The researchers were interested to see if the exosomes budding off of melanoma actually participated in the course of the cancer -- and they found that they do, and to a great extent.
"Upon their release from the primary tumor, exosomes derived from melanoma cells fuse with cells in distant metastatic organs and lymph nodes, mediating vascular leakiness and inflammation, thereby promoting the formation of pre-metastatic niches that enhance future metastatic growth," Dr. Lyden says.
According to Dr. Peinado, a number of exosomal proteins are transferred by the exosomes to BMDCs where they can reprogram or "educate" the cells to participate in the metastatic cascade. "We found an oncogenic protein, called MET, that is produced by highly metastatic tumors and packaged into pro-metastatic exosomes. The tumor exosomes circulate, fuse and transfer their information, including the MET oncoprotein, to many cells, such as bone marrow cells, which in turn promote a pro-metastatic phenotype," he says.
They also discovered that the education of BMDCs by exosomes is long-lasting, and this may explain how a tumor dormant for decades suddenly develops metastatic disease. These findings are crucial, says Dr. Bromberg, because "educated bone marrow is the key in disease recurrence and may even foster a future secondary cancer."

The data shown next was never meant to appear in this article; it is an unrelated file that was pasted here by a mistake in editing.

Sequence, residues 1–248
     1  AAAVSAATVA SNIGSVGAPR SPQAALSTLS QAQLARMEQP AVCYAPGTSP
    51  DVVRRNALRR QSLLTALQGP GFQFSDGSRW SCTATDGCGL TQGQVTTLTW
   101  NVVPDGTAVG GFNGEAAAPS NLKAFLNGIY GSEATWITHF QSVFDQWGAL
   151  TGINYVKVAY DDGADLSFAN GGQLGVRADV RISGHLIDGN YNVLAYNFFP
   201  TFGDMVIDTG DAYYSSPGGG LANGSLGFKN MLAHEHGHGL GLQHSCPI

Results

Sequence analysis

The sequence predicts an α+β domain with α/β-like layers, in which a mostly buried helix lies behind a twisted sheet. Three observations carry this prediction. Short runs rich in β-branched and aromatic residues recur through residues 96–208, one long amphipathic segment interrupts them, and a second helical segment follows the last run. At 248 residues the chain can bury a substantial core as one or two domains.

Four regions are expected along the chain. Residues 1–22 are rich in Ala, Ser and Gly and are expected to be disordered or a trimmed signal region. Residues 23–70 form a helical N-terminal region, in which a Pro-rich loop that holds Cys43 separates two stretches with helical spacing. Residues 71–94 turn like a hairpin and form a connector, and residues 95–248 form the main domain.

Examining human blood samples, the scientists found a distinct signature of exosomal proteins (including MET) in patients with stage IV, widely metastatic melanoma that was not found in blood exosomes from patients with non-metastatic melanoma.
They say this protein signature could be used to predict which patients with stage III disease and local lymph node metastasis would then go on to develop distant metastatic disease. "Treatment modalities could be initiated earlier in these high-risk patients to prevent disease progression," Dr. Lyden says. "Our results demonstrated that MET oncoprotein
|Contact: Lauren Woods|
New York- Presbyterian Hospital/Weill Cornell Medical Center/Weill Cornell Medical College